Pilot Information

Reporting Points and Maps

The mountain is divided into two geographic areas, north and south. The dividing line is delineated from the east by the south side of the Eldridge Glacier, up to the main ridge of the Alaska Range, which extends up to the summit of Mount McKinley and westward to the summits of Mount Foraker and Mount Russell. There are two CTAFs used on the mountain. The south side traffic should monitor and report on 123.65, and the north side on 122.725.

  • Reporting Points Map (10mb PDF) and mountain inset map (1.5mb PDF)

    The map shows the Denali National Park and the Denali State Park. It is not intended for navigation, but delineates commonly used reporting points for the numerous aircraft flying in the area. You can also download a full copy of the FAA Reporting Points brochure.

    If you have a hard copy of this map make make sure to note that the South Side Frequency has been changed to 123.65. The most current version of this map should be dated 09/21/2009 in the lower right corner

  • Aviation Reporting Coordinates
    This page provides coordinates in Latitude/Longitude for most of the reporting points on the map. When making a position report, give your location, altitude, destination and or direction of flight. For example: "Mountain Traffic, Cessna 1234, Ruth Icefall, 8000 feet, up glacier for the Amphitheater."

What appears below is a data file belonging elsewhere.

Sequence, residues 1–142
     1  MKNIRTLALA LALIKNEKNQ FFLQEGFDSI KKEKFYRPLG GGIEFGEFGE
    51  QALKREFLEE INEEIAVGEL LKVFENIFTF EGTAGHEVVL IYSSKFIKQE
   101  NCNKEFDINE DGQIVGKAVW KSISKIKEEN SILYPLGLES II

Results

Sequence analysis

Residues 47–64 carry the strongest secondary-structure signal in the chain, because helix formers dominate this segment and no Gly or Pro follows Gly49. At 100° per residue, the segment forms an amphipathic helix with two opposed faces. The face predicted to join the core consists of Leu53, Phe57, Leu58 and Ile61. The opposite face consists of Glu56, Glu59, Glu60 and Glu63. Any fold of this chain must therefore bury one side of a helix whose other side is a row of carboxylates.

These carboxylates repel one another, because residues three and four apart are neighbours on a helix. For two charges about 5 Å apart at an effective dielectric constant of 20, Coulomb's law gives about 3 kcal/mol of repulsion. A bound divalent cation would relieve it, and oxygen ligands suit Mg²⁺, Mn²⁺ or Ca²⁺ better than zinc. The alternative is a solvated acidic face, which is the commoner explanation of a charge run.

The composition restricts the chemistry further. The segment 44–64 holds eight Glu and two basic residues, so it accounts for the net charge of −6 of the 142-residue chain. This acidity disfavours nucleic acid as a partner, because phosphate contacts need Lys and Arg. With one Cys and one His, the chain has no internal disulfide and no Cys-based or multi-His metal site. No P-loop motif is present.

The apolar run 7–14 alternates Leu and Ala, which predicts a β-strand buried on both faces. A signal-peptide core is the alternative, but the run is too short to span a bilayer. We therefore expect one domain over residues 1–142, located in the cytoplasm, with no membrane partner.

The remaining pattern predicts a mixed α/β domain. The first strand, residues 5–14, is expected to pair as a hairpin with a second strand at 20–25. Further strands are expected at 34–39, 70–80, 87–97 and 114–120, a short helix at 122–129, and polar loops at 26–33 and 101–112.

• View in Google Earth - Click here if you have Google Earth installed on your computer or another application that can read KML/KMZ-formatted files.

  • Formatted for GPS units - Click here to download the reporting points in GPX format that can be imported into GPS units.

  • Common Flight Routes
    The most common flight routes used by commercial and private operators in and around Denali.

Aircraft density around Mount McKinley can be quite high during the summer months. Air tour operators fly out of Anchorage, Talkeetna, Fairbanks, and the McKinley Park areas. For position reporting, this mountain environment has been divided into two "zones," one north and the other south of the crest of the Alaska Range.

  • The north side monitors frequency 122.725
  • The south side monitors frequency 123.65
The Denali Aircraft Overflights Advisory Council is developing voluntary measures for assuring the safety of passengers, pilots, and mountaineers and for achieving desired future resource conditions at Denali as outlined in the 2006 Backcountry Management Plan.

Contact us if you have any questions or concerns about flying in this area.

Resources for Flight Planning around Denali

Resources for Flight Planning around Fairbanks

Additional Information

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